At adWhite we’ve been focusing intently on new SEO objectives around here lately, which has lead us to some great new information on landing pages. Recently we had an internal discussion about some of our collective, recent learning on the use of submit forms on a landing page. To re-cap, a landing page is a specific web page designed as part of a campaign, used to capture a user’s information and pique their interest in your product or service.
So, keeping all of the landing page basics in mind, let’s see if you’re using the submit forms on your site correctly. Landing pages are simple and should only contain one link, which is the CTA (Call To Action) for the user – aka your submit form!
The submit form should be short and sweet, yet the way you ask people to fill this out does matter. It’s important to know that the way you ask your prospective customer to fill this out is just as important as the information you’re asking for. So the way you ask for their information and what you ask for are equally important.
Next, let’s discuss audience friction as it relates to completing online forms. Friction is created by any hesitation the user might have to completing your submit form. It’s important to make your lead generation relevant to the audience in order to make them correlate with the level of friction involved to obtain the incentive. There are two categories of friction, perceived and actual. Perceived friction is essentially the “shock factor” of having to complete a long form. This perception is that the form can be overwhelmingly long and cause people to change their mind. Avoid this and split your form over more than one page, if needed.
Actual Friction refers to the time and trouble it takes to actually fill in the form. To ensure you don’t lose a prospective customer, avoid too many open-ended questions, don’t provide drop-down menus that don’t encompass all options, and lastly capthca forms, while safe, can significantly slow this process down on a landing page, so just avoid it if possible.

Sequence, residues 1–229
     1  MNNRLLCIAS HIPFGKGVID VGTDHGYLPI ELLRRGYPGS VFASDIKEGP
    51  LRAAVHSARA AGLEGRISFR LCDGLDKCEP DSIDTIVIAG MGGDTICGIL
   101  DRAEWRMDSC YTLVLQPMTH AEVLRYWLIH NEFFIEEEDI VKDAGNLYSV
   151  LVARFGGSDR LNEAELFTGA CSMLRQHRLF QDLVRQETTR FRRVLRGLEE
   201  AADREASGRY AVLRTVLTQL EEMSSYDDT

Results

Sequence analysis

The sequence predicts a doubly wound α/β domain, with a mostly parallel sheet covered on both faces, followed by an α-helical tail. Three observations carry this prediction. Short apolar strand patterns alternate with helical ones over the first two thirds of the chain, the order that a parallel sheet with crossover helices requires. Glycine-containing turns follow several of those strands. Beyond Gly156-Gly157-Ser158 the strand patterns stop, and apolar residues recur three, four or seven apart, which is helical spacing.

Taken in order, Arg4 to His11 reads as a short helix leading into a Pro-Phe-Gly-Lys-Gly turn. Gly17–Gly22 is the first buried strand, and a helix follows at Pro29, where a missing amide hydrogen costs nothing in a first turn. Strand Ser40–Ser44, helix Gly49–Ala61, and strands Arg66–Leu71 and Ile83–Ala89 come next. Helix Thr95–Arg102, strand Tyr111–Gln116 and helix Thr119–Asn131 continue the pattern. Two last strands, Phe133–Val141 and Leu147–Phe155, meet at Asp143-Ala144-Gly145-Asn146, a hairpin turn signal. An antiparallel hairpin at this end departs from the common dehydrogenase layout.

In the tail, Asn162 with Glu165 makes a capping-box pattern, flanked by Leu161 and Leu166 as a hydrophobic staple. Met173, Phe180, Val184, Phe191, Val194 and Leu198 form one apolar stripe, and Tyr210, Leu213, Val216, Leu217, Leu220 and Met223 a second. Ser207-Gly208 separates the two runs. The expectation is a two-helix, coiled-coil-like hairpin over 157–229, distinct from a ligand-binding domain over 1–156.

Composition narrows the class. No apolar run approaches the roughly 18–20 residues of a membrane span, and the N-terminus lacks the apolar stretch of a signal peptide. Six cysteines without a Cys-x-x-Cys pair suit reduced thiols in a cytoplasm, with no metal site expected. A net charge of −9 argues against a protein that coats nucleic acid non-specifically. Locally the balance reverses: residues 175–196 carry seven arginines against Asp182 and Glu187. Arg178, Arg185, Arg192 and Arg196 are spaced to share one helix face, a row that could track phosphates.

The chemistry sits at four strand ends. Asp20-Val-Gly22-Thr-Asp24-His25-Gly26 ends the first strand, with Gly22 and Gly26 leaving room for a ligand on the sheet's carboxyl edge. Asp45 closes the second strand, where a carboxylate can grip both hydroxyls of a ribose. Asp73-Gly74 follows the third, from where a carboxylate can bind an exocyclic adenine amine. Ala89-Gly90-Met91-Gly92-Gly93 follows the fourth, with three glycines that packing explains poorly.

Our last teaching point that we’d like to share with you is that using different virtual currencies can increase your conversion opportunities and offer people more options. It’s important to offer an incentive to your prospective customer for completing your submit form. The goal is to balance the size of this incentive with the friction. We suggest offering an incentive such as: a free trial, discount coupon/voucher, contest entry, free quote, newsletter registration, or free consultation to just name a few.
So let’s see what you’ve taken away from our discussion and take the mini quiz below (answers are below):
1) (T or F) The way you ask people to complete a form doesn’t matter, so long as you have a form.
2) It’s important to make your lead generation relevant to __________ in order to make them correlate with the level of friction involved to obtain the incentive.
3) 4) (T or F) Actual friction is the perception that the submit form can be overwhelmingly long and cause people to change their mind.
4) Different __________ can increase your conversion opportunities and offer more options.
1) F – The way you ask people to complete your form fields is just as important as the information you’re asking for
2) The audience
3) F – Perception friction is that in which the user perceives the form to be overwhelmingly long.
4) Virtual currencies